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Parent guilt is real

Feeling bad won’t make you a better parent, just an unhappy one.

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Parenting is one of those jobs that comes with all the feelings, and it’s normal to feel guilty from time to time. All the demands and responsibilities that come with raising a little person make us susceptible to mom or dad guilt — that nagging feeling that you’re not doing enough or doing the right things for your child.

There are plenty of triggers, like having to work and feeling bad you can’t spend more time with your baby. Or, maybe you stay home with your little one and feel terrible when you just want to get away for a few hours. Other common triggers for parent guilt can be comparing your life to what you see on social media, or raising your voice with your kid after a tough day.

First of all, you’re doing great.

For starters, know you’re not alone in feeling guilty about your parenting decisions. Those feelings are just a sign you care deeply about your little one.

“This is tough stuff and you are working hard to make the best choices for you and your family,” said Julia Garrett, PsyD, a psychologist with Baptist Behavioral Health who specializes in maternal mental health.

But sometimes guilty feelings stick around even when you know you’re doing what’s right for your kids. So, what then?

Begone, guilt.

Feeling like you’re always doing something wrong doesn’t have to be part of the parenting experience. Dr. Garrett said if you want to get rid of guilt, the best place to start is by identifying what started your spiral into feeling it.

Next, pay attention to how you’re thinking. “Ask yourself if you notice any unhelpful thoughts that make these feelings more intense,” she said. “A lot of times, these thoughts around parenting and guilt include words like ‘I should’ or ‘I must.’ For example, ‘I should meet this set parenting standard,' or, 'I’m not a good mom or dad.’”

Dr. Garrett said if you notice your inner voice speaking this way, try to counter it with what she calls a balanced thought, which is “more complex and nuanced than our quick, automatic, unhelpful thoughts.”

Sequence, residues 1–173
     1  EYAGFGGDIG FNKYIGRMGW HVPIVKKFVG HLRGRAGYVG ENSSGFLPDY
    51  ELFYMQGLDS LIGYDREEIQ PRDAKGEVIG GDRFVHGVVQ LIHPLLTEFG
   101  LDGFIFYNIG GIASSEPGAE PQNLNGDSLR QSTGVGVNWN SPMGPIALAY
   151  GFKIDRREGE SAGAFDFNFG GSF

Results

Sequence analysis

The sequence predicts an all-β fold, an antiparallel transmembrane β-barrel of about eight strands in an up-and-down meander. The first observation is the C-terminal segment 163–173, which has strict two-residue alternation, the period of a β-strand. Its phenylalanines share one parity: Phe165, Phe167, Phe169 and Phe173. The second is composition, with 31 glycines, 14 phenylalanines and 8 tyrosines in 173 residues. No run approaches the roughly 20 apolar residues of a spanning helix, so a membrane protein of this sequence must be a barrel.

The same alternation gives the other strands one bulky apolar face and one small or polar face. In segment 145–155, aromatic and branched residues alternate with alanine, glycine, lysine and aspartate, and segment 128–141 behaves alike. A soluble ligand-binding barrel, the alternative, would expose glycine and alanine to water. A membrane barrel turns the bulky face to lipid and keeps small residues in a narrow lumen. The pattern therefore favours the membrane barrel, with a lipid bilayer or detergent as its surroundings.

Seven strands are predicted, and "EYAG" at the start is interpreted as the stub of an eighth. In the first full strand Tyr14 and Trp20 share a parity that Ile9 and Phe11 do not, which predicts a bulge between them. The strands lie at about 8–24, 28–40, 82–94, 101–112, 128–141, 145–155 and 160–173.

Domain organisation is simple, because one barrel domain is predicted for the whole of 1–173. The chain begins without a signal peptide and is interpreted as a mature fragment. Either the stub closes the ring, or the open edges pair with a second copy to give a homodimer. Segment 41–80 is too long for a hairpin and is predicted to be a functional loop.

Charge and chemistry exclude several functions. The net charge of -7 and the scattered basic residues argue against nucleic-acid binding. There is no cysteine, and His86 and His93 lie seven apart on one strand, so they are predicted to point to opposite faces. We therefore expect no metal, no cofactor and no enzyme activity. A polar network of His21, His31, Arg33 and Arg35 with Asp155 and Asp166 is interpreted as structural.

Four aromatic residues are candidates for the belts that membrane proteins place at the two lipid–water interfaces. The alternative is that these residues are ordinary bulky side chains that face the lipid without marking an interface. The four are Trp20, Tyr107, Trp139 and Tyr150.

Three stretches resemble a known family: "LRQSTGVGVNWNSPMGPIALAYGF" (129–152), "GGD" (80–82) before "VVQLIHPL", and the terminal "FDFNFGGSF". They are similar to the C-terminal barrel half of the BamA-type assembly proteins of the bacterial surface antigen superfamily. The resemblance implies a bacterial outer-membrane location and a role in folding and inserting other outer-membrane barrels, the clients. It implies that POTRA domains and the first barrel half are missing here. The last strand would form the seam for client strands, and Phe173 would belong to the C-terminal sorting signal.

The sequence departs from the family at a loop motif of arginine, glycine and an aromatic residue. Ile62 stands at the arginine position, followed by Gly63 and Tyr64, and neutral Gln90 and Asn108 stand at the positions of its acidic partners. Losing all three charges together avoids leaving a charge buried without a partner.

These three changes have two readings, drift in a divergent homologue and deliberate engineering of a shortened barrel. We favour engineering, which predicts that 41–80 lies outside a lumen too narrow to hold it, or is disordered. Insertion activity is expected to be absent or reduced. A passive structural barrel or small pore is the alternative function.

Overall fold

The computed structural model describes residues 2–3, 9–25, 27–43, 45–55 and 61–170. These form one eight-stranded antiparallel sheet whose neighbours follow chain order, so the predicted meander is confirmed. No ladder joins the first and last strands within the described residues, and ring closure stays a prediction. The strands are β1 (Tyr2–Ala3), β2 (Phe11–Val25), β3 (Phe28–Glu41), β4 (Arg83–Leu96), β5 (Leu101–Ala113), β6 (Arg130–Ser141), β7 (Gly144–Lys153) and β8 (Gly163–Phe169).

Do any of these examples sound familiar?

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Lastly, Dr. Garrett said it’s important to speak to yourself the way you would to a friend, since we tend to talk to ourselves much more harshly than we would a loved one. Oh, and don’t skimp on self-care.

“Making sure you are taking care of yourself is another way to help reduce the intensity of uncomfortable feelings,” she said. “Remind yourself that self-care is not a luxury; it is a requirement. If you find yourself feeling guilty about taking time for yourself, start with short periods of time and keep building. Remember that when your child sees you taking care of yourself, you are also serving as a great role model of self-care for them.”

Guilt can get out of control.

If these tips don’t seem to help, or your guilty feelings are disrupting your daily life, you don’t have to go it alone.

“Sometimes our big feelings can start getting in the way. So, if you notice your guilt is making you feel more anxious or depressed, or if it’s taking over and getting in the way of how you’d like to live, consider reaching out for some more support,” said Dr. Garrett.


Whether you’re struggling with feelings of guilt, or have other mental health needs during your parenthood journey, call 904.376.3800 to make an appointment with Baptist Behavioral Health. A patient care coordinator will connect you with the best provider for you.

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